An advocate, who claims to have filed the first petition challenging the amended law allowing extension of tenure of the director of the Enforcement Directorate (ED) up to five years, raised an objection in the Supreme Court on Monday about his matter being not listed at the top of the batch of pleas on the issue.
Advocate M L Sharma, who has filed one of the petitions in the matter, raised the issue before a bench headed by Chief Justice N V Ramana and said that his plea was listed at the bottom of the batch of petitions in the cause list.
A total of eight petitions, some of which have also challenged the Centre’s decision to grant a one-year extension to Sanjay Kumar Mishra as head of the probe agency, came up for hearing before a bench, which also comprised justices Krishna Murari and Hima Kohli.
The CJI told Sharma that the plea listed at the top was mentioned for urgent listing recently.
”Because they had mentioned the matter that is why that has come up at the top,” the bench said.
Sharma told the court that the petition which was listed at the top was filed in 2022 while he had filed the plea in 2021.
”Whether your petition comes down or up, it does not matter because you are entitled to argue. We are hearing you,” the bench said.
Sharma contended who will be the lead petitioner in a matter — the petitioner who files the first petition or the one who files the last plea.
Senior advocate Gopal Sankaranarayanan, appearing for one of the petitioners, said public interest litigations (PIL) should not contain the name of the petitioner.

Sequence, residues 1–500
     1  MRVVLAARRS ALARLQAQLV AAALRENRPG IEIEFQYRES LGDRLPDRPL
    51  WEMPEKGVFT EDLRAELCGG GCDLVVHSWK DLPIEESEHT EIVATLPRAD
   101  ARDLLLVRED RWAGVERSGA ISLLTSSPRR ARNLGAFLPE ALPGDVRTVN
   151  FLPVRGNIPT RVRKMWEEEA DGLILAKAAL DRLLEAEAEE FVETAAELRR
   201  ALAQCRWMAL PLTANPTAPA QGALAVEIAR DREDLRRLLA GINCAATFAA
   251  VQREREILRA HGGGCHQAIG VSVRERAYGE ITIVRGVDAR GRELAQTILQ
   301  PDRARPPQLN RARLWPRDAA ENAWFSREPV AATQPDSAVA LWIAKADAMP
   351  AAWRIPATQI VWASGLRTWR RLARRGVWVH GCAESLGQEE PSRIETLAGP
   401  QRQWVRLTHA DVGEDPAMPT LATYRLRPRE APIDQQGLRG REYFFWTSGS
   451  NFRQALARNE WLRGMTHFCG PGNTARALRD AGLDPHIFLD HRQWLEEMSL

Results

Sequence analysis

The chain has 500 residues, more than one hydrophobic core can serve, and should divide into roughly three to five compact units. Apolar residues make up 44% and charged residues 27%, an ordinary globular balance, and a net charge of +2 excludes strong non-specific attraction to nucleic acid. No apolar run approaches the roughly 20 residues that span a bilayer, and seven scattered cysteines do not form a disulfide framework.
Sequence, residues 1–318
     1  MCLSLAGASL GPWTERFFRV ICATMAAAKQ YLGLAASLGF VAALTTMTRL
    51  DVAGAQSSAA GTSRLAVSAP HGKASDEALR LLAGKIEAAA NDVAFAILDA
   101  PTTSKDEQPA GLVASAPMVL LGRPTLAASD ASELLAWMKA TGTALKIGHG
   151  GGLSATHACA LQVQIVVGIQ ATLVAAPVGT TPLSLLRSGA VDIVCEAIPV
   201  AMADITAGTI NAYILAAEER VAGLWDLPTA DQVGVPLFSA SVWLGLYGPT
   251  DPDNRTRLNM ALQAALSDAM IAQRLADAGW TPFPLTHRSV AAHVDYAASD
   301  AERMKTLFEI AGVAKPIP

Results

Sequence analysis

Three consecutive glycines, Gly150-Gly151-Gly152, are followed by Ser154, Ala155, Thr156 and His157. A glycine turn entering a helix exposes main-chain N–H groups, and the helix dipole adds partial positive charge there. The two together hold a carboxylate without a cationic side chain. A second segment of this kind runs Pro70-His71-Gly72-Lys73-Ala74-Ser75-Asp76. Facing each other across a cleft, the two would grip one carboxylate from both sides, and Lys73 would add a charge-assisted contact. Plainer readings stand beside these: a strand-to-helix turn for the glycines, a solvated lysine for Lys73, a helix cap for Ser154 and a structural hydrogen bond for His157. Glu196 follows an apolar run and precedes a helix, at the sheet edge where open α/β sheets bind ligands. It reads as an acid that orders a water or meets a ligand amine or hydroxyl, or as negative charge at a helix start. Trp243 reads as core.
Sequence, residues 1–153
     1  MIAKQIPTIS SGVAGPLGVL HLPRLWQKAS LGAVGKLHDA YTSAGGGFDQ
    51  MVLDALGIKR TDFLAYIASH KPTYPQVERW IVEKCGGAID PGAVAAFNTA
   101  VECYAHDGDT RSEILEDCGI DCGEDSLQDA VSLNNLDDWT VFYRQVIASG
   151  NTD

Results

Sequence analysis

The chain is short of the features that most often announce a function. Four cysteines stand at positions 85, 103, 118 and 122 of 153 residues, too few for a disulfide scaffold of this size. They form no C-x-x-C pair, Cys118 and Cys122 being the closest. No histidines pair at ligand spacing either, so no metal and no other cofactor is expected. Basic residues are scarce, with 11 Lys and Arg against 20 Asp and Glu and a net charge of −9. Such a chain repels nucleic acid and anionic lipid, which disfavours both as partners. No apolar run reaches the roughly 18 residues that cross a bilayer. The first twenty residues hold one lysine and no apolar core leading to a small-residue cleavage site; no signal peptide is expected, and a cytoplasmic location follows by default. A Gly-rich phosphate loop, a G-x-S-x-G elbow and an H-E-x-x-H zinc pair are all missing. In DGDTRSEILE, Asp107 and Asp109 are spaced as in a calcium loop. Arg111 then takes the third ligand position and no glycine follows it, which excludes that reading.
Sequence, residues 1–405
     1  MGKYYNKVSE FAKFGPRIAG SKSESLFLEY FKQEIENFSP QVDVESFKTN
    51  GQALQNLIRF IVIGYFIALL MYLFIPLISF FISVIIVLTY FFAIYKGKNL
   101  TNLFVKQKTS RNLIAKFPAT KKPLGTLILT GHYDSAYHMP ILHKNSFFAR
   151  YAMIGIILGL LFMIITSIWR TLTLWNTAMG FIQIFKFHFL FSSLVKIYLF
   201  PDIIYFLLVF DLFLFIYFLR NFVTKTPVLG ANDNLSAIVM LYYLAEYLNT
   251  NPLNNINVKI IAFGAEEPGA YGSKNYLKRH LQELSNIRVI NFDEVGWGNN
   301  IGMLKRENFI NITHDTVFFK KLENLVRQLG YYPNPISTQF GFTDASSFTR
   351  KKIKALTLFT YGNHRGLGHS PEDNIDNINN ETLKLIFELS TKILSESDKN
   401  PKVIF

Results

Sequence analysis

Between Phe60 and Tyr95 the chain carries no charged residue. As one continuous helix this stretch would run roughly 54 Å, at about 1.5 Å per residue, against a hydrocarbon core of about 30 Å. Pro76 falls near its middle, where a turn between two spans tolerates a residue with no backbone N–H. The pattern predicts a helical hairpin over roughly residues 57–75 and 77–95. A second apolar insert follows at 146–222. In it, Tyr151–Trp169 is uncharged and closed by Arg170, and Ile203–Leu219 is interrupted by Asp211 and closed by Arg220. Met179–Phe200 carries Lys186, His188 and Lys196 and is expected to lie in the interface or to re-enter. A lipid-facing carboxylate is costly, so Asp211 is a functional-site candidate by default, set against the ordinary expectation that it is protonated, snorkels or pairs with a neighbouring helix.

”In all PILs, I don’t think the name of the petitioner should at all be there,” he said, adding otherwise it becomes a competition to be the first one to file it.
The bench directed the apex court registry to verify the date of filing of the pleas and posted them for hearing on Tuesday.
Sankaranarayanan said this is how the main issue gets derailed.
At the outset, the bench wanted to know who was appearing for the Union of India in the matter.
Thereafter, Sharma raised the issue regarding the listing of his plea.
The pleas challenged the Central Vigilance Commission (Amendment) Act 2021 which provides for the extension of the term of ED’s director up to five years.
The apex court in its September 8 last year judgement on a petition of NGO ‘Common Cause’ had said that a reasonable period of extension can be granted to facilitate the completion of ongoing investigations only after reasons are recorded by the Committee constituted under Section 25 (a) of the Central Vigilance Commission Act.
Later in November 2021, the CVC (Amendment) Act came into force. The Centre on November 17, 2021, extended the tenure of Mishra by a year till November 18, 2022, days after the Centre brought ordinances to allow the ED and CBI directors to occupy the office for up to five years.
The apex court had also made it clear in its September 2021 judgement that no further extension can be given to Mishra.
The court had further stated that an extension of the tenure of the director should be for a short period.
”We do not intend to interfere with the extension of tenure of the second respondent (Mishra) in the instant case for the reason that his tenure is coming to an end in November 2021…,” the court had said ”We make it clear that no further extension shall be granted to the second respondent,” it had said.
Mishra is a 1984-batch Indian Revenue Service (IRS) officer of the Income Tax (IT) Department cadre. The verdict had come on a plea filed by the NGO challenging retrospective change in the 2018 appointment order of Mishra as director of the ED.